We are not slaves but friends.
Jesus tells us to remain in him. How does the Lord come to us? Through baptism and communion.
The Holy Spirit is not restricted to only those of the Jewish people but to all people. We know God and love him if we keep his commandments. We need to read scripture so that we know our heritage. We do need to interpret it correctly, but we need to read it. The commandments are: "love God" and "love your neighbor as ourselves."
Fr. Steve talks about his family’s experience of the protestant church when they committed to reading scripture for 5 minutes a day. He then read an excerpt from the proverb of the day: Proverbs 6 (because today is May 6) by way of example, which warns against unrighteous behavior. The message is rich and life-giving.
All of us are loved by the Jesus the way the Father loves him. He also wants to give us joy – not natural joy that we find in the world, but his very life coursing through us. He wants the fruits of the Spirit for us.
Many of us have never heard the Lord speak to our in their heart. But God does not ration his Spirit. The only limit to our reception of the Holy Spirit is us. We harm ourselves by protecting ourselves. All of us have received the fullness of the life of God so that we can become perfect. And each of us has a role in his kingdom that no one else can perform. He chose us, we did not chose him. Each of us has a job to do for the Lord. Are we bearing fruit? Or are we resentful, critical, despairing.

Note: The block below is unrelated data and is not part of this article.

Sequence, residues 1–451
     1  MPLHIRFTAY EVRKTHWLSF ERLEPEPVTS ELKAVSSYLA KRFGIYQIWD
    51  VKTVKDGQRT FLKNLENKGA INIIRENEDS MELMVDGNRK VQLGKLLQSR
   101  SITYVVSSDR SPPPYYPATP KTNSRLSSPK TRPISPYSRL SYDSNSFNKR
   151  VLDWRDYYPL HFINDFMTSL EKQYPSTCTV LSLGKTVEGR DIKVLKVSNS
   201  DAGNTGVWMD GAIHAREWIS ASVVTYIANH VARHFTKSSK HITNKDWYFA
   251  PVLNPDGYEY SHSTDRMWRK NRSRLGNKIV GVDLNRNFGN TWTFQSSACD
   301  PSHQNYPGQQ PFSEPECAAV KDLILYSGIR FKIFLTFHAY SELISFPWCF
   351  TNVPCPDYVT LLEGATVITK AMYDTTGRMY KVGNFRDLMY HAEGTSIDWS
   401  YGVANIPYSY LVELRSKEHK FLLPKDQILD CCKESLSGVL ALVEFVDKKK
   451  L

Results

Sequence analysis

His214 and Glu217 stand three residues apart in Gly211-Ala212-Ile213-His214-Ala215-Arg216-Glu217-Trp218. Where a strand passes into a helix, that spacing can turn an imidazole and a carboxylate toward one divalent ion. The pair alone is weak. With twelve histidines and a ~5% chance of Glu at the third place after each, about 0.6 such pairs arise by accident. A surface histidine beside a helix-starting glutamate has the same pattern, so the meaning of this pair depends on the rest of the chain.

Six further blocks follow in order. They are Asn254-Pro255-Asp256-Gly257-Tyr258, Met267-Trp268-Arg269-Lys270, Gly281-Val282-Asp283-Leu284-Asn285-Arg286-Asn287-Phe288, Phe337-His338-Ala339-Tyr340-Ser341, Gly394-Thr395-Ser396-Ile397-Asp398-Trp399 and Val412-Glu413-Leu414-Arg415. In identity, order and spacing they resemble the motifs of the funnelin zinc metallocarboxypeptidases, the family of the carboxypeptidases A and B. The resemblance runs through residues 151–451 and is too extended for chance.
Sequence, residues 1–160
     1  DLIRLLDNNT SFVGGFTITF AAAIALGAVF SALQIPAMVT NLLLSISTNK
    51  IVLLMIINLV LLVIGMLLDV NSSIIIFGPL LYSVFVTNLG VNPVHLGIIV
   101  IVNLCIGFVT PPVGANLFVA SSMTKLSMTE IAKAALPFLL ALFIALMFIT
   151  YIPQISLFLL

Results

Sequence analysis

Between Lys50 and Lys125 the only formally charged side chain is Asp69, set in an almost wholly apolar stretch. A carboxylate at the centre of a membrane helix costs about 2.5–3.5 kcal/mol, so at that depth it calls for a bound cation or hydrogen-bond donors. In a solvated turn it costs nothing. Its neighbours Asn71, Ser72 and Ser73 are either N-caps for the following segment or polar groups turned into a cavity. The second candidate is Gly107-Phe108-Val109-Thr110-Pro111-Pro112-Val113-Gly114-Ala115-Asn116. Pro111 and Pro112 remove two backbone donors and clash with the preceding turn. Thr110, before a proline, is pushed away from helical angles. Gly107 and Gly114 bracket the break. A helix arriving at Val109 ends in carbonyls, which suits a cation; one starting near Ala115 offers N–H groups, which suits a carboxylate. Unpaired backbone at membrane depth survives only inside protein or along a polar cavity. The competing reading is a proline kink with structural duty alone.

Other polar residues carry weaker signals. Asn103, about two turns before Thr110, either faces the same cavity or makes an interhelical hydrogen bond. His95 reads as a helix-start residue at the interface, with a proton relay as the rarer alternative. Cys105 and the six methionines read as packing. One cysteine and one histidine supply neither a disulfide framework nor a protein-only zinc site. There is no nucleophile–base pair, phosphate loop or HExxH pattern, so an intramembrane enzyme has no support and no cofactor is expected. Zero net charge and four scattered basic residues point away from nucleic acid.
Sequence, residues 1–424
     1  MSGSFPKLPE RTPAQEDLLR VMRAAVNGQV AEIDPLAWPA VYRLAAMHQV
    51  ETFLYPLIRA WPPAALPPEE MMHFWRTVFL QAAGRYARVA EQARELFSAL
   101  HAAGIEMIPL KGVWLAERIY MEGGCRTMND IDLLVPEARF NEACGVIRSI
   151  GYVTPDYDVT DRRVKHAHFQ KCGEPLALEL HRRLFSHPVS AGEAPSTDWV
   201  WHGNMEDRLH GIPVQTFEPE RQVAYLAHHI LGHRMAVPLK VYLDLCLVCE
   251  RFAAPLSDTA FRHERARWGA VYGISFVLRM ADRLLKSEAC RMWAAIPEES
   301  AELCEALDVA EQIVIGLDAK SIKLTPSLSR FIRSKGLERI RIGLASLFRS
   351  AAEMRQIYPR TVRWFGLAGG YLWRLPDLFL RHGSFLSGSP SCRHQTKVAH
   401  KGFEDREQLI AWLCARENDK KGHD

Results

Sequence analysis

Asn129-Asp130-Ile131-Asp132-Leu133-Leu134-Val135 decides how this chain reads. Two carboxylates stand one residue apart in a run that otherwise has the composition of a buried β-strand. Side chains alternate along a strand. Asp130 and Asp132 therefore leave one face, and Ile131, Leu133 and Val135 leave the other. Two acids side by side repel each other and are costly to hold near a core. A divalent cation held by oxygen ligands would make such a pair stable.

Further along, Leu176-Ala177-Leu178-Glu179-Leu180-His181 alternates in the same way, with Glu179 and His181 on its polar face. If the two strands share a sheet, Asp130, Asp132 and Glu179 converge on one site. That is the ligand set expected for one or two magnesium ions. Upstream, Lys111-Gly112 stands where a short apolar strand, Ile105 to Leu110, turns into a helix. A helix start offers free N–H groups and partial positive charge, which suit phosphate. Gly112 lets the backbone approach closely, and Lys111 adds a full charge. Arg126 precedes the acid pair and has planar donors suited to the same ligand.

Fr. Steve then shares an excerpt from St. John Henry Newman, who speaks of God’s gift to us of existence, out of love. We are created in God’s image. But we are the only being who can do what we are not. God gave us free will and we can choose not to do what we were created for: love. God has chosen to bring about his will through his creatures: us. And each of us is created to do something that no one else can do. No one is superfluous. Each of us is vital to the Lord's work. What is your mission in life? What does God want you to do? The Lord’s will is our peace.
Fr. Steve witnesses to the joy he experiences right now. “I have never been happier than I am now,” he says. And if each of us dares to believe we can be happy too.